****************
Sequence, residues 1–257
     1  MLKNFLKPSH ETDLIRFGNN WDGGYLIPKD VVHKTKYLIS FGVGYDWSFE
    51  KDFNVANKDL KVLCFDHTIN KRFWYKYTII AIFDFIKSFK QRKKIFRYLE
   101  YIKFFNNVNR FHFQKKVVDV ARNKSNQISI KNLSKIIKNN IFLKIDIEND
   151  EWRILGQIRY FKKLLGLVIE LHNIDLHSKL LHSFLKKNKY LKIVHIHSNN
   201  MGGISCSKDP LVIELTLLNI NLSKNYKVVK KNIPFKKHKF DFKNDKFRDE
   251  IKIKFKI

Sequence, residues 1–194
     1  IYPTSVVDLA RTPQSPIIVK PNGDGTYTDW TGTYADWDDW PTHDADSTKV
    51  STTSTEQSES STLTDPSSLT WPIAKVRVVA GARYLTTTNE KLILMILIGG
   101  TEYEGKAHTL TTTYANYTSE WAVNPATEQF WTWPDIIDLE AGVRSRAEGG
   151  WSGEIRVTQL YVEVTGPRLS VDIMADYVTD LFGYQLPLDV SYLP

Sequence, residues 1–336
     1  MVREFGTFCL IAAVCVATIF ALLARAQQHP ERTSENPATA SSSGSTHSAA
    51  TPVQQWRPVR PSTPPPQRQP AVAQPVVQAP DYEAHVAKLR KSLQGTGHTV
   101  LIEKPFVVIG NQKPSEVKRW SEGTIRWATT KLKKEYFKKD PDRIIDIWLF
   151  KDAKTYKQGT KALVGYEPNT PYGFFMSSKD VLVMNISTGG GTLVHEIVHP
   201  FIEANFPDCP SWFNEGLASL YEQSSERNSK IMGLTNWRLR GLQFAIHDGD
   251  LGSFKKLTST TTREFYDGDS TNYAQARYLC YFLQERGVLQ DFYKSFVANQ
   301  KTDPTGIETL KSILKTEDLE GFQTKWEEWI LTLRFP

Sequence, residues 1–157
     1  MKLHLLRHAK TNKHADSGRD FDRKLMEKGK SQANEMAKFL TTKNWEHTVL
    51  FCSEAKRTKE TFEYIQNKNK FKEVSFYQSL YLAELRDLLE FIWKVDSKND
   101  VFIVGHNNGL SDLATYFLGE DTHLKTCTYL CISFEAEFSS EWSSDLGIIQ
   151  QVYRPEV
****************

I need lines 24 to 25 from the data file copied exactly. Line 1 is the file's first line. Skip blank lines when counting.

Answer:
   101  VFIVGHNNGL SDLATYFLGE DTHLKTCTYL CISFEAEFSS EWSSDLGIIQ
   151  QVYRPEV